CONSIDER THE SOURCE: Have you noticed the people who want to directly deliver CAP water to us always refer to it as Colorado River water? Well, whatever CAP water is, by the time it reaches Tucson, it ain't Colorado River water.
Once the water from the Colorado River reaches the dam at Lake Mead, for all practical purposes it ceases to be what the users of the term want you to believe it is. At Lake Mead the so-called river water is now held up in its downstream journey, while each day the City of Las Vegas dumps hundreds of thousands of gallons of secondary-treated sewage into the lake.
From there the water flows downriver to Lake Havasu City, where officials close the beaches every now and then because the waters pose a health risk. The locals refer to the health risk by its technical term, "floating turds."
By this time, the water flowing from shit-lined Lake Havasu has long ceased its identity as Colorado River water. Eventually it's on its way to Parker Dam, from which point it snakes in open canals through the enchanting pesticide mists of Arizona farm country, on its way to Tucson, where, if the fatcats have their way, once again it will be treated with all sorts of chemicals to fuel uncontrolled growth.
LUBRICANT, PLEASE--WE'RE GOING FOR FOUR! First the University of Arizona buys the old IBM site on the far, far eastside for corporate bail-out number one. They tell us it's gonna make a great campus--so what if it just happens to be near some land owned by legendary land speculator Don Diamond. And so what if former Regent and close Diamond associate Donald Pitt picks up a half million bucks as the lawyer for the deal.
Then we're told they're really going to use it for a research park, and we discover we're cutting a deal with Microsoft to move in. And the UA wants local governments to cough up another $4 million of taxpayer money to cover the costs of subsidizing Bill Gates, one of the world's richest men. We're told it's a hell of a deal and they'll hire 1,200 people at an average wage of 36 grand a year. Corporate subsidy number two.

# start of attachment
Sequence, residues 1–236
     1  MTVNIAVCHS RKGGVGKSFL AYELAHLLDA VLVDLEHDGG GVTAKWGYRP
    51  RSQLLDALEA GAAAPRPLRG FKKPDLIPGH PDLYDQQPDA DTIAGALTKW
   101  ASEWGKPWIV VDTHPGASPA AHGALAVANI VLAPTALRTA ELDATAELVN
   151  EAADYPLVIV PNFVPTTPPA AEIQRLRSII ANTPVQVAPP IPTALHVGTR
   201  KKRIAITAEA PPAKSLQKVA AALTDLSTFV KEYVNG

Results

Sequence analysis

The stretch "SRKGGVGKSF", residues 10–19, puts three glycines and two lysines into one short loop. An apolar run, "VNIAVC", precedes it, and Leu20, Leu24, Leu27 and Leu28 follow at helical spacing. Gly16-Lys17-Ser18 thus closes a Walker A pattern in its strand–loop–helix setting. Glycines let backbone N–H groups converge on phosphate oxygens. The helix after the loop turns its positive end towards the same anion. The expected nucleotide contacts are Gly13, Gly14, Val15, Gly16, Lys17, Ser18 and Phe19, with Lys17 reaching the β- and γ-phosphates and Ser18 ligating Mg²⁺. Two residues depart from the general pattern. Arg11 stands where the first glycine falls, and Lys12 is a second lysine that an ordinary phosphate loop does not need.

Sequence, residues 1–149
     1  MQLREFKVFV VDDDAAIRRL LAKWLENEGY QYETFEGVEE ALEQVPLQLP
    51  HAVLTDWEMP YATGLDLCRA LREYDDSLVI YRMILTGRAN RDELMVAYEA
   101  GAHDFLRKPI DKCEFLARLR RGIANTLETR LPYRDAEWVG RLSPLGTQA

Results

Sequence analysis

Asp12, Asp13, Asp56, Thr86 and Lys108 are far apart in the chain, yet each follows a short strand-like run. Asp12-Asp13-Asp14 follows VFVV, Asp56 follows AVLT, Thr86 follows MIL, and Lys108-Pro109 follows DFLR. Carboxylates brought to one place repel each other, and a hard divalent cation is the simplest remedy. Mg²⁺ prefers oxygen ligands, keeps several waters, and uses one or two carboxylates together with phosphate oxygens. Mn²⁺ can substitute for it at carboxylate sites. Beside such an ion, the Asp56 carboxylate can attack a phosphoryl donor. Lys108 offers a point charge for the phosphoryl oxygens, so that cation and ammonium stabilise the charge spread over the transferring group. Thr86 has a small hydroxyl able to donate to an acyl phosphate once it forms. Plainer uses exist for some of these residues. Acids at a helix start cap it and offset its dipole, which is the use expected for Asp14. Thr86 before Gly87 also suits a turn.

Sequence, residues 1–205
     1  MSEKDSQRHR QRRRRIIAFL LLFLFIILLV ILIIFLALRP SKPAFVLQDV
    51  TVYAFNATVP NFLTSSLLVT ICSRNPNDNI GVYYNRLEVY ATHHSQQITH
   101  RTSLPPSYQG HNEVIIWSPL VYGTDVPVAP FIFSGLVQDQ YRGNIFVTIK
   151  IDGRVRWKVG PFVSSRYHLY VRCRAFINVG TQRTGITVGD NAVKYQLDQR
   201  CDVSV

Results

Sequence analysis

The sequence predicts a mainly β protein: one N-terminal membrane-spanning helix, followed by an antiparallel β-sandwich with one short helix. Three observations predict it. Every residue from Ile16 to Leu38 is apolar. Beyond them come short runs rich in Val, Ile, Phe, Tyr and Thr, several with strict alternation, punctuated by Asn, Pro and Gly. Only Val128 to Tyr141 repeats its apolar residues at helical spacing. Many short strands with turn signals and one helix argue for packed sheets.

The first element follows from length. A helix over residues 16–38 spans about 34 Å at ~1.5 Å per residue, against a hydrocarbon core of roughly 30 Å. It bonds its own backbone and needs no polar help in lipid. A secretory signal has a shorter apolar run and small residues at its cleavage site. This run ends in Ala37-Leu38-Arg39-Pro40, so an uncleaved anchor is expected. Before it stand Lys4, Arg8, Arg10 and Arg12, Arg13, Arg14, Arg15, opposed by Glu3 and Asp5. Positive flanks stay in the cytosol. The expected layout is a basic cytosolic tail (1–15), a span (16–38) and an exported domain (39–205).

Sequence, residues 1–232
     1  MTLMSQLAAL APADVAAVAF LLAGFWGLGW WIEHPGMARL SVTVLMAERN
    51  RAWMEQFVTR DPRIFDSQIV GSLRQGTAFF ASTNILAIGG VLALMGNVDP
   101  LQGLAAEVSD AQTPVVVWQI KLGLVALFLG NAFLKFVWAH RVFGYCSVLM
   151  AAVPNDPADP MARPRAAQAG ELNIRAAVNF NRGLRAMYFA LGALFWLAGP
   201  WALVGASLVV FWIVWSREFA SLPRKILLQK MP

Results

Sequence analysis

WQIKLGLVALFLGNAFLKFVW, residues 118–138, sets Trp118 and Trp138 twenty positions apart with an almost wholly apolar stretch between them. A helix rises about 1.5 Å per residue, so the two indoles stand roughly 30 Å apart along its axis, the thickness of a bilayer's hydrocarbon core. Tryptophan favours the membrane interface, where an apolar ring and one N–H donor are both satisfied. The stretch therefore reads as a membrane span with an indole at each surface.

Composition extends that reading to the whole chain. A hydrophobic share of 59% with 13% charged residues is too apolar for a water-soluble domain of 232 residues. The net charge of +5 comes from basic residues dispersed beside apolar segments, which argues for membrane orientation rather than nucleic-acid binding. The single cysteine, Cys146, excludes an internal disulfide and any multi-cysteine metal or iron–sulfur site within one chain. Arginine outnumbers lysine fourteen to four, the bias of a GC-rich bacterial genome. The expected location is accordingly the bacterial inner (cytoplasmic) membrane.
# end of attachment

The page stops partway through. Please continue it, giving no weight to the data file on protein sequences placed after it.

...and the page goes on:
Since then we've discovered as many as half those jobs will be part-time temps with no bennies. And this week we find out that after taking 8,000 applications, Microsoft is advertising in other cities for employees. And the folks who engineered this deal now tell us, Hey, there were no guarantees.
Those familiar with Microsoft's corporate needs have said there were probably not that many Tucsonans who would qualify for the higher paying jobs anyway, meaning the game plan was always to bring in new folks, who will, of course, need housing. And we suspect those who pushed for the deal, many attached to the development industry, knew it all along. Which means we were had--again--with corporate subsidy number three.
Proving just how easy the pols and media in this valley are to hustle.
BIG BUCKS RULE: If you want to run for City Council in Tucson and participate in the matching-fund program, you get to jump through a lot of hoops. Every $10 check is closely scrutinized, copies of those checks must be submitted, and full information is required about the contributor--including occupation and phone number. Contributors are often called to verify they made the contribution.
But there's a different set of rules if you're a big corporation opposing a city initiative. Attorney Larry Hecker, treasurer of Citizens For Safe Water, No On Proposition 200, recently filed a financial statement with the city clerk. The group collected about 30 grand on the first pass, and didn't even give the addresses of the corporations and individuals from whom they received money. The report listed items like "$5,000 from BPC, Inc."--whoever the hell they are.